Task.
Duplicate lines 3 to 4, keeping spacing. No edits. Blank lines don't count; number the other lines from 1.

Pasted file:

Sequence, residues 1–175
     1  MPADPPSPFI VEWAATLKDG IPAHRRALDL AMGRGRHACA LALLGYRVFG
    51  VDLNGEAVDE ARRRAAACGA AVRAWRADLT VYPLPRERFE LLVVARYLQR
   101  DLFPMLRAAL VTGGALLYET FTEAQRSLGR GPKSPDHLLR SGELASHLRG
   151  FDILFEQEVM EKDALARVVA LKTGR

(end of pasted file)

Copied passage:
    51  VDLNGEAVDE ARRRAAACGA AVRAWRADLT VYPLPRERFE LLVVARYLQR
   101  DLFPMLRAAL VTGGALLYET FTEAQRSLGR GPKSPDHLLR SGELASHLRG